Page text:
In celebration of Black History Month, the Department of Aerospace Engineering is highlighting some of our talented and diverse alumni through a series of stories sharing their journeys and advice for aspiring aerospace engineers.
Hermann Sipowa is a senior systems engineer at Draper Laboratory, where he develops GNC algorithms to support various strategic programs. Hermann graduated with a B.S. in aerospace engineering in 2017 from the University of Maryland, College Park, and went on to earn his Ph.D. in aerospace engineering in 2022 from the University of Colorado Boulder. He is affiliated with the Aerospace Corporation, the Air Force Research Laboratory, and NASA Langley Research Center. Hermann's interests include working out, hiking, rock climbing, and reading.
Where/how did you get started on your aerospace engineering journey?
I grew up in Cameroon, and becoming an aerospace engineer was so far-fetched an idea that it never crossed my mind. After graduating from high school, however, I had the opportunity to immigrate to the United States, and I was determined to obtain the best education I could afford. I attended a community college that offered an aerospace curriculum. I remember being fascinated by everything I learned in the classroom and intrigued by the endless exciting careers related to the field.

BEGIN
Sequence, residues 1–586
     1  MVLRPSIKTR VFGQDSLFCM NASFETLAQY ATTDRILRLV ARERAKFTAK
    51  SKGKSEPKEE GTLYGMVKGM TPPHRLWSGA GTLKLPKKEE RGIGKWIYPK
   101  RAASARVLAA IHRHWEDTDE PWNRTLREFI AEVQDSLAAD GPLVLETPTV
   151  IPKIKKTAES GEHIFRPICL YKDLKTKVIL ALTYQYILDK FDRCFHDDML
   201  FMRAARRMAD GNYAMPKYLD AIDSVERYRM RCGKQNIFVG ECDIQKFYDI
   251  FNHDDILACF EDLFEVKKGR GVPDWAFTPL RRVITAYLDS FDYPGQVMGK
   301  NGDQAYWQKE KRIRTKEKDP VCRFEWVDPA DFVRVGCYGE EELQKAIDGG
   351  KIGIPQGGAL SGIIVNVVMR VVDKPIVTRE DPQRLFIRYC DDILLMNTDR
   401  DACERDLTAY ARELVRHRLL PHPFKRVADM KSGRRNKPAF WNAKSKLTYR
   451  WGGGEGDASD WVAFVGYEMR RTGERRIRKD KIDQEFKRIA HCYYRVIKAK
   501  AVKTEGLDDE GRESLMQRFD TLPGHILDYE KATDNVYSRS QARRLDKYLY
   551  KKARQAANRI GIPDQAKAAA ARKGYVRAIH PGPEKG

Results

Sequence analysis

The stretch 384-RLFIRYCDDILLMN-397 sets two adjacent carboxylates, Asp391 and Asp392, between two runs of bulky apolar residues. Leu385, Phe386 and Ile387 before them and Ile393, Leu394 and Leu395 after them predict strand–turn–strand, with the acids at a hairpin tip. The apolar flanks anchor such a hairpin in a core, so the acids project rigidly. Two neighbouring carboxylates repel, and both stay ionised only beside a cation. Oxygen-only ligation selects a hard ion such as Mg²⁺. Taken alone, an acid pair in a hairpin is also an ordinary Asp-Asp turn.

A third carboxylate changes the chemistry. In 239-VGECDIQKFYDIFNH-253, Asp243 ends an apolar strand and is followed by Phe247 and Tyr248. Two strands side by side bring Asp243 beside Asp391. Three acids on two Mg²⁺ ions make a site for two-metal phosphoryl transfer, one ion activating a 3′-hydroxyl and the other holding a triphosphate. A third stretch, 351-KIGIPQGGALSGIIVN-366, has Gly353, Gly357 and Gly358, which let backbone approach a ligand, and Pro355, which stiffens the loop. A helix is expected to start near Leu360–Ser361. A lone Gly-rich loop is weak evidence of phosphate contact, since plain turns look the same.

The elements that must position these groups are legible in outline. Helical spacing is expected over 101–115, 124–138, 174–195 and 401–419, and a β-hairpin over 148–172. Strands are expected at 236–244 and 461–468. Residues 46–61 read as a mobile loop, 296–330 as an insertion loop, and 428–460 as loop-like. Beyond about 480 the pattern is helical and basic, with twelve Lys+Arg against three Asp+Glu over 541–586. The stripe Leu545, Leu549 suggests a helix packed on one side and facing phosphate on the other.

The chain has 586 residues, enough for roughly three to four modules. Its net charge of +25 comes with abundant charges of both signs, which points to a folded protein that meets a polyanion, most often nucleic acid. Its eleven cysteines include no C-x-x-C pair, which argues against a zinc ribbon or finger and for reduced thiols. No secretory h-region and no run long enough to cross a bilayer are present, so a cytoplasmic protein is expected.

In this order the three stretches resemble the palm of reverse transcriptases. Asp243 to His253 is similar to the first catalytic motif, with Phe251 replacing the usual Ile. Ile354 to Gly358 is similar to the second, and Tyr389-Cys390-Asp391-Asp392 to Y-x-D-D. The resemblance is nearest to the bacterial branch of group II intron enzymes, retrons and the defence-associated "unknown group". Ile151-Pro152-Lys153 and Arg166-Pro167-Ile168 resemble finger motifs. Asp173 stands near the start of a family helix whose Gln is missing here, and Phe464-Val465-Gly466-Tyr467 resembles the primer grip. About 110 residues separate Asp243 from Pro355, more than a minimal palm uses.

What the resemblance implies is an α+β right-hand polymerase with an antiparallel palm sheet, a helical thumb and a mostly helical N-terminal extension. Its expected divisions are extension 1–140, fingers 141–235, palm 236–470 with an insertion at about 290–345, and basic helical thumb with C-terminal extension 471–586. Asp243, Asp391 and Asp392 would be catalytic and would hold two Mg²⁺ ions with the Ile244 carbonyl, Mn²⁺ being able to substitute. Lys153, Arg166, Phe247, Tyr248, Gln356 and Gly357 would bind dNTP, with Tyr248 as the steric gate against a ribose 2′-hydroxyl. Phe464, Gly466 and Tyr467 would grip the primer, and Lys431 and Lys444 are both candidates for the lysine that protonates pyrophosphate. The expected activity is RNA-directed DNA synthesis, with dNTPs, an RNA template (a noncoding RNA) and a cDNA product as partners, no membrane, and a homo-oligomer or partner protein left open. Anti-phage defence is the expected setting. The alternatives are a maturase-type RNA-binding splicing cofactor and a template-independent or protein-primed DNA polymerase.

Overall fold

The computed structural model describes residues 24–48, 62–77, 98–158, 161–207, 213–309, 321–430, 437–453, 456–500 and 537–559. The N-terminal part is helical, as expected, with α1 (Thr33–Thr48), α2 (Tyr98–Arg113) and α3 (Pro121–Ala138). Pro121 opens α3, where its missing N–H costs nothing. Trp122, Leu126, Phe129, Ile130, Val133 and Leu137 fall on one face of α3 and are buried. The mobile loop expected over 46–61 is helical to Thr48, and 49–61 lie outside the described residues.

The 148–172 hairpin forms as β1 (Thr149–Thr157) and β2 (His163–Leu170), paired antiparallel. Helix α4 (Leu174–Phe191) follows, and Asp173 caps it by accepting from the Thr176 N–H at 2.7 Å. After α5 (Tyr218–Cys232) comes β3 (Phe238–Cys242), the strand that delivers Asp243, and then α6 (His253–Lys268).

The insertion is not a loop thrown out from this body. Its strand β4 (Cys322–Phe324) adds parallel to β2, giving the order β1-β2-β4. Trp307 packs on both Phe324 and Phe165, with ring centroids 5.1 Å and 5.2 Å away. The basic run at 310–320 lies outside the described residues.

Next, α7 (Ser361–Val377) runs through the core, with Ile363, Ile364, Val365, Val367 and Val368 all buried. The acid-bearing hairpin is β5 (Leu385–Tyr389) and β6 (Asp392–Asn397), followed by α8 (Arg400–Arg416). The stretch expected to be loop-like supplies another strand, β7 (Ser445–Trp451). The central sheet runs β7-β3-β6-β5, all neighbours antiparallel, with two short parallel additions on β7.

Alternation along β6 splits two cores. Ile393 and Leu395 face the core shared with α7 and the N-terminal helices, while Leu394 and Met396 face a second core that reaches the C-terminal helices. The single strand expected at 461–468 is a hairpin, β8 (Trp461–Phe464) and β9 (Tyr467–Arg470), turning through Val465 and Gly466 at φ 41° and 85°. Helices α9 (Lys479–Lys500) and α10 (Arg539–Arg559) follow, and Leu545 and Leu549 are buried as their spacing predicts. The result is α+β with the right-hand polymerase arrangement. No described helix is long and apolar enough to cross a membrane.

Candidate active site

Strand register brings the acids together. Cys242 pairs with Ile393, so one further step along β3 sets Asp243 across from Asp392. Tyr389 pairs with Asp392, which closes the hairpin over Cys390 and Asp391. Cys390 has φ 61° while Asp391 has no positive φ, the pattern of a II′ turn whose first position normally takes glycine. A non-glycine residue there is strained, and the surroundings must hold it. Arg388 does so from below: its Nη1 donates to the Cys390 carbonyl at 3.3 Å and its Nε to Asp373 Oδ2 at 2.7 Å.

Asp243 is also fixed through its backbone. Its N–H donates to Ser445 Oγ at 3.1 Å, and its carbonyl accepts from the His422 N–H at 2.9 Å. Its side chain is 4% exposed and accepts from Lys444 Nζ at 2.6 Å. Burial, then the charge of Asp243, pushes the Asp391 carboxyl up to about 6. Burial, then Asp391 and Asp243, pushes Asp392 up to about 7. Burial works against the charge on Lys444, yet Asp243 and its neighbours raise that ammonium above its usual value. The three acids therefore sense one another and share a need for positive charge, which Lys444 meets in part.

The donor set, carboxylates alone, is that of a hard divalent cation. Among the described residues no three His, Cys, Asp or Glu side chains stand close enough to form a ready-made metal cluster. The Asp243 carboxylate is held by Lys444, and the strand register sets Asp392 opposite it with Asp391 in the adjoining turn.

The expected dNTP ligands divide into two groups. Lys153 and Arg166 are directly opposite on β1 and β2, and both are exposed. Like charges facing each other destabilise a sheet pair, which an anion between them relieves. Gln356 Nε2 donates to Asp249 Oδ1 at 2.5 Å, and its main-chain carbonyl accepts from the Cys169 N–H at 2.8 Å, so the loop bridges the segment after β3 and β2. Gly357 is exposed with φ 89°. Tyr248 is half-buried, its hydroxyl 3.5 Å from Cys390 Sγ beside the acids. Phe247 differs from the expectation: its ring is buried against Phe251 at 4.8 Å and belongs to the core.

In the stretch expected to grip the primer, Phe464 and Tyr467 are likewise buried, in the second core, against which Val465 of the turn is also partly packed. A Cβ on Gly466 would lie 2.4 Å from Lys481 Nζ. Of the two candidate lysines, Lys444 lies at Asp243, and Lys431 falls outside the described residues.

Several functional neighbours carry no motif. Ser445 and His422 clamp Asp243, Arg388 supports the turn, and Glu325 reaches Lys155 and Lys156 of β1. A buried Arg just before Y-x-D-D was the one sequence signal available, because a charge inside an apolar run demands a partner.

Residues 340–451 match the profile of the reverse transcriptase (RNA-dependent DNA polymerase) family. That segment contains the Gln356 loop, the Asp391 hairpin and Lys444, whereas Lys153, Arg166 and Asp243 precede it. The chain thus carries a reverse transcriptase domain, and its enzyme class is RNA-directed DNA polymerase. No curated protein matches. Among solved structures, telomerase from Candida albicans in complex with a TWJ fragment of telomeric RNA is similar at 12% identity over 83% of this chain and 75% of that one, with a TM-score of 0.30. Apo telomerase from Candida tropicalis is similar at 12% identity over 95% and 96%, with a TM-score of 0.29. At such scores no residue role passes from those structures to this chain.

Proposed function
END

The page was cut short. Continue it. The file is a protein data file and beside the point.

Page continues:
In 2015, I transferred to the University of Maryland and participated in the UMD Junior Endeavor Transfer (JET) Program. The JET program confirmed my love for aerospace engineering by complementing theoretical knowledge with the fun of working as a team to develop, launch, recover, and analyze the data collected by a high-altitude balloon. The program also helped me create valuable connections that kick-started my career as a researcher and an academic.
Who/what inspires you?
The most influential people in my life have always been my parents. My parents lost their careers after immigrating and had to start from scratch. They worked hard to make sure we could have what they never had. Their brave attitude toward adversity inspired me to chase my dreams and never relent when dealing with failures or facing setbacks.
What has helped you succeed in your Aero journey?
I was lucky to be surrounded by a village of people who believed in me and gave me various opportunities to accomplish my dreams.
What advice would you offer current students?
Be curious, talk to as many people as possible about your dreams, and never be afraid of failure.
What have been some of your greatest personal/professional successes?
Completing my Ph.D., mentoring students, and interning at many renowned companies.
Jeanette Epps: From Engineer to Astronaut
Celebrating the Impact of Black Maryland Engineers and Leaders
Celebrating Black Engineers: Jeanette Epps
Celebrating Black Aerospace Engineers: Christopher Jones (Ph.D. ‘97)
Celebrating Black Aerospace Engineers: Daniel Scott (’85)
Celebrating Black Aerospace Engineers: Chris Huie-Spence (‘11)
Celebrating Black Aerospace Engineers: David Mayo (Ph.D. ‘14)
Celebrating Black Aerospace Engineers: James Lankford (M.S. ‘14, Ph.D. ‘18)
Celebrating Black Aerospace Engineers: Louise Ami Ahure Powell ('06, M.S. '09, Ph.D. '14)
Celebrating Black Aerospace Engineers: Jarred Young ('09, M.S. '13, Ph.D. '17)
February 22, 2023